Until earlier this year, Boeing had been considered the frontrunner for the purchase. But revelations of spying by the U.S. National Security Agency in Brazil, including the personal telephone calls and emails of President Dilma Rousseff herself, led Brazil to believe that it could not trust a U.S. company.
The revelations by Edward Snowden triggered an immediate exit from U.S. hosted service providers, then a rapid decline in the prospects for U.S. communications equipment vendors, and Boeing just lost a $4.5 billion dollar sale to Sweden’s Saab. Instead of the F/A-18 Hornet the JAS-39 Gripen will grace the skies of South America’s regional power.
There is a deeper issue here that isn’t explicitly mentioned. I have written once before about the troubled F-35 Lightning II, in The Marine Corps Liability, and I believe the odds are fairly good that the program will either badly underperform, or simply fail entirely.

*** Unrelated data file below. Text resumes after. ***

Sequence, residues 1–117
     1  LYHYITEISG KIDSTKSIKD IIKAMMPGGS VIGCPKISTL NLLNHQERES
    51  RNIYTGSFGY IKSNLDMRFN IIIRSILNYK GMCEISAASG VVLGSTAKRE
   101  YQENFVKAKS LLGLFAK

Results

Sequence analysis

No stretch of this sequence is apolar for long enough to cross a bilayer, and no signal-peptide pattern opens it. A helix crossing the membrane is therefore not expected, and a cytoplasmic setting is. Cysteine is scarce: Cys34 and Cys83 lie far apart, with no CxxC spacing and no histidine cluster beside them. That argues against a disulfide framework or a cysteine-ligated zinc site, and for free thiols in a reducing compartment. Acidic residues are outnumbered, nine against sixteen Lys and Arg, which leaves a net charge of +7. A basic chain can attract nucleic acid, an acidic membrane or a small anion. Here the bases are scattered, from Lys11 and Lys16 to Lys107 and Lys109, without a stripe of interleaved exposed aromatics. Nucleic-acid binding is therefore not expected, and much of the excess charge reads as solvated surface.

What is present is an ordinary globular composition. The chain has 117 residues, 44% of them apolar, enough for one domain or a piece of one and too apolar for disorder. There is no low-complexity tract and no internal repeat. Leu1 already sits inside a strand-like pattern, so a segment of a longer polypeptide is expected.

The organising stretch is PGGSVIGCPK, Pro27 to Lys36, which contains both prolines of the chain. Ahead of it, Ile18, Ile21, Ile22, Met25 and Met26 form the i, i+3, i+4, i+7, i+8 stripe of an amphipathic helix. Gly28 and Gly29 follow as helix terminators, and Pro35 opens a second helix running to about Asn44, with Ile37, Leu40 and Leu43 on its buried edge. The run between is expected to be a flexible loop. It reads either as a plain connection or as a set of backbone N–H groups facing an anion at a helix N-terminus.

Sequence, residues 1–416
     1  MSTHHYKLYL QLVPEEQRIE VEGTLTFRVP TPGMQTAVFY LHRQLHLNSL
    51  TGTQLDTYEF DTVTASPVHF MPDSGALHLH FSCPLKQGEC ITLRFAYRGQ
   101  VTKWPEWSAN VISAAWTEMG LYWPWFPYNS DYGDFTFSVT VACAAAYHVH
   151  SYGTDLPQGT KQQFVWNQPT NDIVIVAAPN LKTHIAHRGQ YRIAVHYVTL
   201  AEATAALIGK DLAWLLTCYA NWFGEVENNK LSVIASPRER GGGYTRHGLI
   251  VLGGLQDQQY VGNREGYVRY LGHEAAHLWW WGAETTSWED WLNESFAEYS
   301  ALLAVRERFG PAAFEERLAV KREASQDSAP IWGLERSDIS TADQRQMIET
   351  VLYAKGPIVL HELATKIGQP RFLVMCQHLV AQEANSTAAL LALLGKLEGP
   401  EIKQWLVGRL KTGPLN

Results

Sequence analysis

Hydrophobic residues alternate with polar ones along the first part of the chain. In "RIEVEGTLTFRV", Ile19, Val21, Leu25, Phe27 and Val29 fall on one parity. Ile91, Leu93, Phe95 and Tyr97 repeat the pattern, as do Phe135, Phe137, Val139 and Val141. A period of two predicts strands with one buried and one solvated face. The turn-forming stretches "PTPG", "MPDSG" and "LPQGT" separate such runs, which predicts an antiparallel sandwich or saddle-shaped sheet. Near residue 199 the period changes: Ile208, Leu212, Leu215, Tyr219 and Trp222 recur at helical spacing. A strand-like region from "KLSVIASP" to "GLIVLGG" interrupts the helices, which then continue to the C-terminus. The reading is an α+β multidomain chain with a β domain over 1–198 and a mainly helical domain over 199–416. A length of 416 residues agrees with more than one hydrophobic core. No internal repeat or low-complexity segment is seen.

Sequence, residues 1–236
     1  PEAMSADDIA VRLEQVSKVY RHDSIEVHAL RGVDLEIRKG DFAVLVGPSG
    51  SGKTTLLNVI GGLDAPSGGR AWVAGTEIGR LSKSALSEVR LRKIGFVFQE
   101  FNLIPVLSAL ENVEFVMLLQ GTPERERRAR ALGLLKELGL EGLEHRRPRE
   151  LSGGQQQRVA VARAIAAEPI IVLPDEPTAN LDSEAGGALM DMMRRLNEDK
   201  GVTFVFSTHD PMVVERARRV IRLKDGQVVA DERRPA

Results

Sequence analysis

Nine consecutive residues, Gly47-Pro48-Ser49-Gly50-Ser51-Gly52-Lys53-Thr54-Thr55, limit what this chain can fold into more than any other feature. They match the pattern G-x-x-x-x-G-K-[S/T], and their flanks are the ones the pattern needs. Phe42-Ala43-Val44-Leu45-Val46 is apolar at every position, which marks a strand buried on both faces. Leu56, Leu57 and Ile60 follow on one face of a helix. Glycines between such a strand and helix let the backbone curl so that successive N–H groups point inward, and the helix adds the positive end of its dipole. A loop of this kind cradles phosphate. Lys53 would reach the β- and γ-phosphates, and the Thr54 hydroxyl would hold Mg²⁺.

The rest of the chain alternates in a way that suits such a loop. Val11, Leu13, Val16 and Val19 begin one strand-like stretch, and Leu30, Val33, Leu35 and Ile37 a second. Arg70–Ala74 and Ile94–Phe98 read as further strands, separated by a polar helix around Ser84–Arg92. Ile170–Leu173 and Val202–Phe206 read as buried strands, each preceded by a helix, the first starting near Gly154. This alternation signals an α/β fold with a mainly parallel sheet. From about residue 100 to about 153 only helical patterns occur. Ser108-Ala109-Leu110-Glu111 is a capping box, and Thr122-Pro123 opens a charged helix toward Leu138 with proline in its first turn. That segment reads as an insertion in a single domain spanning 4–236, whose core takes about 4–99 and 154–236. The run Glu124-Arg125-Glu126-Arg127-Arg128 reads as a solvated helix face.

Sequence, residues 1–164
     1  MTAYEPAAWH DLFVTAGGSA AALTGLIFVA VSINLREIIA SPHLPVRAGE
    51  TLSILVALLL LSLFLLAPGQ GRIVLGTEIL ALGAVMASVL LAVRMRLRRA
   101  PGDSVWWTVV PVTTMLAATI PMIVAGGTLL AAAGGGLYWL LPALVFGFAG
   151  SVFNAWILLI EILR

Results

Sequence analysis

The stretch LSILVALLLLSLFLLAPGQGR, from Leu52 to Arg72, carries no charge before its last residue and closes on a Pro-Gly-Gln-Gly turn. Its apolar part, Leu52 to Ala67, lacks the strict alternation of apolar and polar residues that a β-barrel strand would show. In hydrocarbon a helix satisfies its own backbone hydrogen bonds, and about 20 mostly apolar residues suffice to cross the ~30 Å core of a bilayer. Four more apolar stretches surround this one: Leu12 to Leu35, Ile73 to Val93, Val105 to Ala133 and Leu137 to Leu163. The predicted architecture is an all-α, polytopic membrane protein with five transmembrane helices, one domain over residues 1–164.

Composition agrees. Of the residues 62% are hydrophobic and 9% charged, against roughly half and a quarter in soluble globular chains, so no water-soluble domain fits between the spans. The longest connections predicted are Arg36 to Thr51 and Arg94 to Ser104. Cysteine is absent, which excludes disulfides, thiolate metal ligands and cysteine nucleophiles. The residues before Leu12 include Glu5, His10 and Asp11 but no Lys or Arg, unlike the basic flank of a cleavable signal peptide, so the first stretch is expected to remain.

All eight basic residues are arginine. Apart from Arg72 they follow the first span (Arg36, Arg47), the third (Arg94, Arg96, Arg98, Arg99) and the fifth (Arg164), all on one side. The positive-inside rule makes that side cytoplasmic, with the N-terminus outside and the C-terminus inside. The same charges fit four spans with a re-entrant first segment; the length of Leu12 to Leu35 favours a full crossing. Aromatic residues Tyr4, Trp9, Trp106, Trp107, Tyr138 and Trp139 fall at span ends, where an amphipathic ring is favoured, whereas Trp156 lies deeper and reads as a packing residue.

Long term I think the technical faults of the F-35 platform might make it attractive for the U.S. to retool tested airframes like the F/A-18 and F-16 for duty as high performance drones. We have only completed a hundred F-35 and if Congress suddenly and drastically curtails production, a pool of aircraft that small will have a very high unit cost and parts availability problems over the long term.
If you’re marking the slow slide of Imperial America, this is an important milestone, with both immediate direct and long term indirect implications.
Phi Beta Iota: Misbehavior has consequences, but we must also factor in the fact that the US builds mediocre aircraft these days. There are two kinds of people buying US aircraft today: morons and the corrupt who have been bribed to buy bad aircraft, never mind the human or financial cost. NSA, USAF, and Boeing — a tri-fecta of corrupt mediocrity betraying the public trust.